Three Ways To Build Your Own Art Table
Every artist or writer at any age needs to create a workspace with storage for their particular art supplies. If budget doesnt allow you to purchase any number of styles of art tables, or you are creative enough to want to build your own, here are a few different instructions for an almost free and ecologically responsible (using recycled or used materials) art table.
Your first must make the decision on the size. How big do you want it? How much weight is it going to hold? Will it be holding a computer or art canvases and supplies? Most likely, you will need adequate built-in storage space for supplies, reference books, notebooks, etc.
Here are a few bare bones instructions for several styles of art tables:
The Corner Desk – This is a good style for a computer-user. It has the most surface space and storage, and clearly, fits into a corner. Materials needed:
Two core doors.
Three two-drawer filing cabinets.
Glue that works on wood and metal.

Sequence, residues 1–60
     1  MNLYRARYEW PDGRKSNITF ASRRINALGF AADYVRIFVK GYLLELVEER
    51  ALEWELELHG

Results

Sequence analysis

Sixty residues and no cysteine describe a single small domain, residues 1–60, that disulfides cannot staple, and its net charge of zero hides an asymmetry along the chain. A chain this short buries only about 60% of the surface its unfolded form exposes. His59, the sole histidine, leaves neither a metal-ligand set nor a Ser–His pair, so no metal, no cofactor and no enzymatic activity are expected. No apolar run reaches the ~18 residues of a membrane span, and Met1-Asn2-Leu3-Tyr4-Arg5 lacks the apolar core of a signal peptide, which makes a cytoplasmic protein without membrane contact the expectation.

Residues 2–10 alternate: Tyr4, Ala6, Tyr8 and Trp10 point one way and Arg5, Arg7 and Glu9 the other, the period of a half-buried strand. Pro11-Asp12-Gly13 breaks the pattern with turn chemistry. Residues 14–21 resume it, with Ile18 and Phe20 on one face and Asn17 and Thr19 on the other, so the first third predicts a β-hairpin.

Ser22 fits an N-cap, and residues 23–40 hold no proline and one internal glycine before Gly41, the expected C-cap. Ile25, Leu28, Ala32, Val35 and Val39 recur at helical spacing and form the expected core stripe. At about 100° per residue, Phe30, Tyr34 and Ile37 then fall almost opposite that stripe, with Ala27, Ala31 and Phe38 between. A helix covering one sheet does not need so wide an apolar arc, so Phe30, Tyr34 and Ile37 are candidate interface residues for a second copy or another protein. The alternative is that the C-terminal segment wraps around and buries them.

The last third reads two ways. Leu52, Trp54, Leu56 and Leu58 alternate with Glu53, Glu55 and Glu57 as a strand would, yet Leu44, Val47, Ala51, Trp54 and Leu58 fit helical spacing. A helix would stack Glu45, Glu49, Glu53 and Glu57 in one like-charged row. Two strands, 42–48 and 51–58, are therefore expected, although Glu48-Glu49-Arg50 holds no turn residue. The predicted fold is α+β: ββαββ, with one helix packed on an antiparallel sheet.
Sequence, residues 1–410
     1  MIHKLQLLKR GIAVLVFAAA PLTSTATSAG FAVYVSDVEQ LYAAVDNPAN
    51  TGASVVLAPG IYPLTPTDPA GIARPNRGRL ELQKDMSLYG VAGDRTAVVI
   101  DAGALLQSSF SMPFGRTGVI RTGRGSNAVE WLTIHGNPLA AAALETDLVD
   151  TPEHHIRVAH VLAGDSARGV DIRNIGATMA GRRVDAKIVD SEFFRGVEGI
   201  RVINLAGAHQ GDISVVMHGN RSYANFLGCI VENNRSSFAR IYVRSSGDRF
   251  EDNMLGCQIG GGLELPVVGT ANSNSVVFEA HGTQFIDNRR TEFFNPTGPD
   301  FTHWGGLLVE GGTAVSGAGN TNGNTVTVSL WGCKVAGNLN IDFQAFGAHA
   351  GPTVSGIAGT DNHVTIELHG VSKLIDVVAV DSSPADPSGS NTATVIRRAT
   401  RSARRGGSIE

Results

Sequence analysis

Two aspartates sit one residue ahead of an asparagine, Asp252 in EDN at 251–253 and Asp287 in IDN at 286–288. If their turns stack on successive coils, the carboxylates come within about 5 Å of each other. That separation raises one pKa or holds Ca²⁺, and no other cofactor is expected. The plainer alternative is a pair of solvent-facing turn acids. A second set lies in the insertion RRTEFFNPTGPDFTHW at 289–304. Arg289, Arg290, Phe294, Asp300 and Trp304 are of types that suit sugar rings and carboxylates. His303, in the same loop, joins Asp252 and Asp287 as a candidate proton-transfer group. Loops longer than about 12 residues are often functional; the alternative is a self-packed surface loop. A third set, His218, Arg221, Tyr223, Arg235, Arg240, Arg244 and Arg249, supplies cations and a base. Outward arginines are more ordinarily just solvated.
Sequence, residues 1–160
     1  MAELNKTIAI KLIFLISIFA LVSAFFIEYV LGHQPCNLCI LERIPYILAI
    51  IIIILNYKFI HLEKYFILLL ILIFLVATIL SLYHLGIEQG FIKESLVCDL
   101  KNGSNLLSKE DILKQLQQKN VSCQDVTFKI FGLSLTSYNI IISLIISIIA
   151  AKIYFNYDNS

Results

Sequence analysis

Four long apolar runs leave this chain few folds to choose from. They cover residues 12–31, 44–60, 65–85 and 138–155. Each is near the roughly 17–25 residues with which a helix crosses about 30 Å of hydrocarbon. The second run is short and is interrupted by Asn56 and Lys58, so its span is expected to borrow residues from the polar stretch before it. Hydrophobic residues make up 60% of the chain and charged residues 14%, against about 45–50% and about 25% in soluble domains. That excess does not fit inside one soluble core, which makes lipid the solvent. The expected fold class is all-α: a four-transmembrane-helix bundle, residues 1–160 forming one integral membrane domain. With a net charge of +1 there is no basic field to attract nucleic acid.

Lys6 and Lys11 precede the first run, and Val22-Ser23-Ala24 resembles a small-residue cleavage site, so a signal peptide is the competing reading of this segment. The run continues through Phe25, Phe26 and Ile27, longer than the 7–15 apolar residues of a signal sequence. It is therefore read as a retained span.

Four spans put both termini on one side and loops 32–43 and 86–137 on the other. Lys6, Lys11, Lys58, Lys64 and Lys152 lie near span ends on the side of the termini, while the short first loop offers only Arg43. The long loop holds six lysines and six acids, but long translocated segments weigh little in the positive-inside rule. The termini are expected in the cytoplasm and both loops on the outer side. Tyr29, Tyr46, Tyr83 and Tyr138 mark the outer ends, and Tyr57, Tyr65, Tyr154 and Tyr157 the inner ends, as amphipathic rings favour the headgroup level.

Two inch board that is the length of the filing cabinets.
First, set one filing cabinet into a corner. Then set the other two on both sides of the first one, against opposite walls. Take one core door and glue it to the top of the corner file cabinet and the file cabinet to your left. Line the table edge up against the wall. Then, glue your 2″ board to the top of the cabinet on the right. Then glue the second core door to the surface of the corner cabinet and the cabinet to the right.
The Crate Desk – This is the simplest table to build, yet it has good storage. Materials needed:
Four milk crates or Yaffa blocks.
One core door or board that is 6 long.
Glue (proper kind).
Simply stack one milk crate on another, creating two stacks. Be sure the two stacks are far enough apart to support the board. Place the board on top, up against the wall and even with the edges of the milk crates. If you have the proper glue, glue the board down.
Cheap and Quick Art Table – This is the cheapest and fastest table to construct. Materials needed:
Eight cinder blocks.
One core door (or board).
Stack the cinder boards, lengthwise with the open holes facing out. Stack four blocks on each side, placing stacks far enough apart to support the core door. Place the board or core door on top. If you have the proper glue, glue the board down.